Indiana fertility doctor accused of using own sperm to impregnate patients
INDIANAPOLIS (AP) — A retired Indianapolis fertility doctor said he used his own sperm around 50 times instead of donated sperm that his patients were expecting, impregnating several women decades ago, but later denied it, according to court documents.
Dr. Donald Cline, 77, pleaded not guilty Monday to two felony obstruction of justice charges for misleading authorities who were investigating complaints from two of the now-adult children against him.
Cline is accused of being the biological father of at least eight people, the youngest of which would be about 30. The accusations were first reported by WXIN-TV in May.
Cline, who now lives in the suburb of Zionsville, told six adults who believed they were his children that he had donated his own sperm about 50 times starting in the 1970s, a probable cause affidavit said. He had told his patients they were receiving sperm from medical or dental residents or medical students and that no single donor's sperm was used more than three times.
One of the adult children took a saliva-based DNA test through a private personal genomics company and found that she was related to at least eight other people in its database, the affidavit said. Meanwhile, two others also investigated their ancestry through DNA tests and learned their mothers both were patients of Cline and that they were related to 70 relatives of Cline, it said.
Cline "said he used his own sperm whenever he didn't have a donor sample available," the affidavit said he told them.
"Dr. Cline admitted to doing wrong by inseminating the women with his own sperm, but felt that he was helping women because they really wanted a baby," the affidavit said. "Also, he felt pressured to use his own sperm because he didn't always have access to fresh sperm."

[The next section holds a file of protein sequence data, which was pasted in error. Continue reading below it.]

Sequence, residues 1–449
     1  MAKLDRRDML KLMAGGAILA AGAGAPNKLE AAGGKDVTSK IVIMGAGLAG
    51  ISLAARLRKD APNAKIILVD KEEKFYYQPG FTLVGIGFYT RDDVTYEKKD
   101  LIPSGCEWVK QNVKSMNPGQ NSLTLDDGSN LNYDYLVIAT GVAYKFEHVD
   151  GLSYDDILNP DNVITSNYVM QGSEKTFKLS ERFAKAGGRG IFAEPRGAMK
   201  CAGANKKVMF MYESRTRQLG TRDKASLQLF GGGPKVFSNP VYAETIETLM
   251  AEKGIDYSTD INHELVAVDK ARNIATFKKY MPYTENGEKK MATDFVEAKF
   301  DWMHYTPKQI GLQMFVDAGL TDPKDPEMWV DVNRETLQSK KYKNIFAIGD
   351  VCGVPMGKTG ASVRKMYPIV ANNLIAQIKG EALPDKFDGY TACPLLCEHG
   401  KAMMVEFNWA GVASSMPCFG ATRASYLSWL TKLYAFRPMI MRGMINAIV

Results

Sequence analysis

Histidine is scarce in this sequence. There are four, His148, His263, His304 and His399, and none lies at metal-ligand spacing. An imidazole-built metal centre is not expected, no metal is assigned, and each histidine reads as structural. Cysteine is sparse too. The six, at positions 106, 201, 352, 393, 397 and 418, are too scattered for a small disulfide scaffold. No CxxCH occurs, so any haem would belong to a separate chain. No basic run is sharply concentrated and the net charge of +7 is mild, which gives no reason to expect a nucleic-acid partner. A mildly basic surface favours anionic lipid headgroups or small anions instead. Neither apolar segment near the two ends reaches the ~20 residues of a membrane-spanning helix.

Cline marked the files of the women receiving his sperm with asterisks so that if a patient came back and wanted another baby, "he would use his sperm again to produce full siblings," the affidavit said. WXIN reported the eight known siblings were born to five different women.
It was not immediately clear whether state guidelines or medical profession guidelines at the time applied to fertility doctors using their own sperm to impregnate patients. The American Society for Reproductive Medicine did not have any such guidelines then, spokesman Sean Tipton said.
When the state began investigating complaints, Cline denied having used his own sperm.
"I can emphatically say that at no time did I ever use my own sample for insemination," he said in a letter to the Indiana Attorney General's Office. Cline retired from his practice at Reproductive Endocrinology Associates in Indianapolis in 2009.
Paternity tests last month showed a 99.9 percent probability that Cline was the father of the two women who filed complaints, the affidavit said. Since Indiana law requires doctors to keep patients' records for seven years after last treating them, records were destroyed after that time lapsed, Cline told the Attorney General's Office.
Cline's attorney, Tracy Betz, released a statement saying he is not accused of hiding documents, influencing witnesses or otherwise not cooperating with the attorney general's investigation. Cline was released on his own recognizance.
No other charges are pending against Cline, Marion County Prosecutor's Office spokeswoman Peg McLeish said.
The most notorious fertility doctor to secretly use his own sperm was Cecil Jacobson, who may have fathered as many as 70 children from 1976 to 1998 in Vienna, Virginia. And in 2009, Dr. Ben. D. Ramaley of Greenwich, Connecticut, quickly settled a 2005 lawsuit for using his own sperm.
This story has been corrected to show documents say several women were impregnated, not eight.